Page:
The Court of Appeal was inclined to agree with Edge on the subjective nature of acquiescence, stating that the judges in the cases of Jones v Lydon (No.1)  EWHC 2321 (Ch) and Starbev GP Limited v. Interbrew Central European Holding BV  EWHC 1311 (Comm) “were right to think that an estoppel by convention based on acquiescence can only exist where the parties are subjectively in agreement; i.e. where in this case, the party making the representation knows that the other party has a different understanding." However, the Court found that this issue was not significant to the outcome of the appeal given that Ark and Advent also relied on estoppel by representation (as well as estoppel by convention) in reply to Edge’s appeal. The Court stated that since there had been misrepresentations, “the question of whether there were also common assumptions or an assumption in which [Ark and Advent] acquiesced is not significant to the outcome. Even if, as I have suggested, Edge is right about the subjective nature of a conventional understanding and acquiescence, there is clear authority for the proposition that the meaning of a representation depends upon how a reasonable representee would understand it…Plainly, the reasonable representee in the position of Ark and Advent would understand the representations that the Policy was as expiry to mean what it said, namely that the Policy was indeed on the terms of the expiring policy, which did not, in their cases, include the TPC and the NAC”.
Broker’s appeal: Did the NAC prevent Ark and Advent relying on the estoppel by convention and any estoppel by representation?
Edge’s appeal was also on the basis that the estoppel finding was precluded by the NAC which not only prohibited avoidance for non-fraudulent misrepresentation but also prohibited rejection of a claim for non-fraudulent misrepresentation. The Court of Appeal agreed with Edge, stating: “Ark and Advent are founding their estoppel on non-fraudulent representations, and rely on that estoppel claim in order to reject ABN Amro’s claims for loss against them. That is precisely what the NAC says they cannot do. Accordingly, construing the NAC strictly as is required, it bites on the estoppel whether it is an estoppel by convention or representation – both being based on the misrepresentations the judge found to have been made by Edge.” The Court was not persuaded by the point raised by the two insurers in response that the NAC does not expressly preclude reliance on an estoppel and that it needed to refer expressly to an estoppel to be effective.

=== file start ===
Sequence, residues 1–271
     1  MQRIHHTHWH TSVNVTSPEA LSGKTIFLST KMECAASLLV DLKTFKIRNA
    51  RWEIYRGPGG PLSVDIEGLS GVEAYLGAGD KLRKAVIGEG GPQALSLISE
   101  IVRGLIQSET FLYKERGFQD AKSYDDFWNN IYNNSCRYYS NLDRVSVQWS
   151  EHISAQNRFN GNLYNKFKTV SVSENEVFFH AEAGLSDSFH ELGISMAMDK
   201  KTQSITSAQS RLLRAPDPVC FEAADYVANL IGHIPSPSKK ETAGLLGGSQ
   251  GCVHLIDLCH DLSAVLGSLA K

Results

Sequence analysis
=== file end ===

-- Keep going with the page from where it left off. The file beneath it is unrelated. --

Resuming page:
The Court of Appeal found that the High Court was wrong to say that “[t]he potential advantage of the [estoppel] argument from the perspective of [Ark] and [Advent] is that it potentially circumvents the difficulties in their avoidance case, and in particular the effect of the NAC and affirmation”. This was wrong, the Court of Appeal found, because the High Court “assumed that the NAC only prohibited avoidance for non-fraudulent misrepresentation and overlooked the fact that it also prohibits rejection of a claim for non-fraudulent misrepresentation.”
Accordingly, the Court allowed Edge’s appeal.
This case serves as a useful reminder of how clear and unambiguous language can outweigh other considerations such as the factual matrix, even where the language in question is unusual in the insurance market in which the policy is being placed. The case is also an important example of interpretation of non-avoidance clauses as well as providing a useful reminder of the law relating to estoppel by convention.